Energy Efficiency Examples

Energy Efficiency Examples

Energy Efficiency Examples : Analyzing Energy Efficiency: The U.S. Power Grid, Innovative Niche Community Solutions and the Role AI Will Play Going Forward

Energy Efficiency Examples : With Hurricane Isaias making landfall on parts of the Northeastern United States on August 4th, 2020 and leaving over 1.7 million without power, many Americans are re-examining the US power grid, which is often overlooked. As America’s largest functioning machine is almost always taken for granted by the billions that interact with it each day, both domestically and abroad, this social spotlighting is rare.

It is quite clear, however, that despite the recent advancements in renewable energy, implementation of such technologies across communities globally for sustainable living is still in its early stages.

The US power grid is a remarkable creation: the Department of Energy (DOE) reports that “over 450,000 miles of high-voltage power lines and 160,000 miles of overhead transmission lines” connect electrical plants to homes and businesses across the United States.

It is, however, outdated, and with the threat of the looming climate crisis, energy efficiency is a focal point in emission reduction. As progress continues to be made in the clean energy world, the U.S. power grid has a litany of problems that leave users powerless in driving the future of energy forward.

Around the world, the alternative idea of smaller, smart-grid communities is starting to gain traction for those who think the national grid is not adapting fast enough.

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Since the 1970s, the most extreme off-grid living space has been ‘Earthships.’ Present in six continents, these homes are made of recycled materials (specifically abundantly wasted tires), provide water, food, and sewage treatment, and produce their own energy.

While these homes represent true self-sufficiency and are incredibly distinct in their architecture, they are rarely situated for communal living – a major drawback for the vast majority of people.

Smart-grid communities are a more viable option for those who don’t want to be national grid participants, but still want to be energy independent. Located primarily in the Netherlands and around Europe, these are small communities committed to living with a light environmental footprint and having a say in the type of energy they use.

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Smarthoods is an organization focused on building the modern, energy-decentralized ecovillage. With a mission to “develop the most livable and resilient neighborhoods,” living in a ‘smarthood’ claims to “reduce your ecological footprint by 40%” and “never pay a utility bill again.” The start-up looks to utilize all the best aspects from self-sufficient, sustainable and smart eco-communities already functioning across Europe. Their community plan is below:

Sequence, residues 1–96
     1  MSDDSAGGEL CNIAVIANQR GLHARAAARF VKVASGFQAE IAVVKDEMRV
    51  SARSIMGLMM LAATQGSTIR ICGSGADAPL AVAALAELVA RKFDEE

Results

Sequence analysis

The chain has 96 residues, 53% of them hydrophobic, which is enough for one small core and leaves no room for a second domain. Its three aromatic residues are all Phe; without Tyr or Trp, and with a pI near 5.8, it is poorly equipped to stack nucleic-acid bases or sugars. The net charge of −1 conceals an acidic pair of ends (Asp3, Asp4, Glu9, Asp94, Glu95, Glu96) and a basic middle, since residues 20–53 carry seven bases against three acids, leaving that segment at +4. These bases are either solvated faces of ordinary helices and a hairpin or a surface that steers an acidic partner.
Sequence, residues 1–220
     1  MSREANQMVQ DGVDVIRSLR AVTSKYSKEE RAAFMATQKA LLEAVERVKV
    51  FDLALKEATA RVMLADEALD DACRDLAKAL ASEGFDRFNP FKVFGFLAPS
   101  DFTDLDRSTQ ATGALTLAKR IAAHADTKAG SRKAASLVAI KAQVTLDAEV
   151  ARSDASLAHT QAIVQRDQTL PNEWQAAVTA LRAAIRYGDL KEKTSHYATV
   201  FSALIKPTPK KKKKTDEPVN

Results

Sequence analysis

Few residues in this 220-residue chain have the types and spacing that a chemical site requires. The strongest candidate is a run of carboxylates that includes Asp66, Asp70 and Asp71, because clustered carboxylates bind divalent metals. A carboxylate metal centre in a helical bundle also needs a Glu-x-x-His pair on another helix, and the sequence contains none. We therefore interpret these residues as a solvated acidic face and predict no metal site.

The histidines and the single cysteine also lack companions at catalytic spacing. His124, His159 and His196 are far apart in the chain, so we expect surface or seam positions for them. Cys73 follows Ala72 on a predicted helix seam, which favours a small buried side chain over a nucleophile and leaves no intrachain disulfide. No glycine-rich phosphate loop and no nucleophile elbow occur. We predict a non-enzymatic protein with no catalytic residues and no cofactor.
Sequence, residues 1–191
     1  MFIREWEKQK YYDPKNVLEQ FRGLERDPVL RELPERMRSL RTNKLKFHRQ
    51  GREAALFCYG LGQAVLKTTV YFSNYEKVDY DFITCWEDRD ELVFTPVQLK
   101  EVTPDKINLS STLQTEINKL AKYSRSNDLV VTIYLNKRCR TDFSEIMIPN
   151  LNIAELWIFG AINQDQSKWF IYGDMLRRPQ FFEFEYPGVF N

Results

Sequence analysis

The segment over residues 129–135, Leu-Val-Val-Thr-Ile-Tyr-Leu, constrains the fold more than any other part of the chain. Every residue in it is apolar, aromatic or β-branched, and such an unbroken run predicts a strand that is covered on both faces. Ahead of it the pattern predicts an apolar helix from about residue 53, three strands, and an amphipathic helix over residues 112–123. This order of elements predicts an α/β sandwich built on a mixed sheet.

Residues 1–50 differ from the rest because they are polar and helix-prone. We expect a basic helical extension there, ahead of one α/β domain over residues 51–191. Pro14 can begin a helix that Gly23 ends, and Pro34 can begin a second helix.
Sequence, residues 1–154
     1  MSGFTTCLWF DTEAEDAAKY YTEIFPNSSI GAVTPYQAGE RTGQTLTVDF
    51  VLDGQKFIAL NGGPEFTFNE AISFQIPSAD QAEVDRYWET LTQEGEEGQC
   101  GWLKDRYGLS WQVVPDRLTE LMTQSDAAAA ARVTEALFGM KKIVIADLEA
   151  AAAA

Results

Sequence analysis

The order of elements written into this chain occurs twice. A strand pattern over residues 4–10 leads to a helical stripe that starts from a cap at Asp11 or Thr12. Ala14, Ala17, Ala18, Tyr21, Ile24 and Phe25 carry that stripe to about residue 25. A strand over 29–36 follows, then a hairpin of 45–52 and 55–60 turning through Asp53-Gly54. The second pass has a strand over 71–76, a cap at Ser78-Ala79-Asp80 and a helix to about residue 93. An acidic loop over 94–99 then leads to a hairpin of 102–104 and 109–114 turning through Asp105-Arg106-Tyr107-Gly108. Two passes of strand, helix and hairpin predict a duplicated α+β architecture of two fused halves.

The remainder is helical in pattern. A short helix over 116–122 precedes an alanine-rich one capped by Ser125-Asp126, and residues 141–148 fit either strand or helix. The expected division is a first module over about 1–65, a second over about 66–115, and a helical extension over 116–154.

The community is meant to operate as a semi-autonomous unit that, if scaled across countries, could decentralize sources of power and make the world a more energy-efficient and resilient place. The project is still in its early stages.

Regardless of where you decide to live, the question of how to intelligently manage energy remains at the center of mitigating climate change. And there are so many developing data points that the problem is now too comprehensive for human intelligence alone.

Enter Artificial Intelligence. The field continues to be among the fastest growing sectors in the tech world, and its applications are seemingly endless with the emergence of big data.

Artificial Intelligence can and will monitor, organize, and efficiently distribute power across America and in microgrid communities across the world. By harnessing the power of robust datasets, AI can analyze data points from every power plant across the country or community and account for every megawatt of energy produced, from wind power to natural gas.

To make efficient predictions of what amount of energy will need to be allocated where, Machine Learning can be applied to come up with applications for supervised, unsupervised, and reinforcement learning that will help revolutionize power efficiency. For example, by programming a reward metric to use as little energy as possible, a machine learning program could reduce societal intake of energy significantly.

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At the household level, ‘smart home’ Internet of Things (IoT) technology is growing in popularity. As these IoT devices collect large amounts of data, AI technology can be implemented to learn consumer preferences. The Artificial Intelligence of Things (AIoT) can help reduce energy consumption in households across the world.

For example, Nest’s Smart Thermostat allows you to only turn on Air Conditioning when you need it, saving consumers money on their energy bill by decreasing overall energy consumption: a win-win. And with the quantity of connected IoT devices expected to grow by over 300% to 64 billion devices by 2025, the energy savings will start to add up.

Whether you are on the power grid, integrate AIoT technology or believe in microgrid energy decentralization, the use of AI – through machine learning or AIoT – is essential to achieving energy efficiency.

The power outage caused by Hurricane Isaias has once again proven the essentiality of energy in our everyday life and implores us to waste as little energy as possible. In the meantime, humans will continue to consider all options – from an individual level to a national stage – for the next bright idea in energy efficiency.

Written by Jason Kauppila

Edited by Alexander Fleiss, Gihyen Eom, Rohan Mehta, Calvin Ma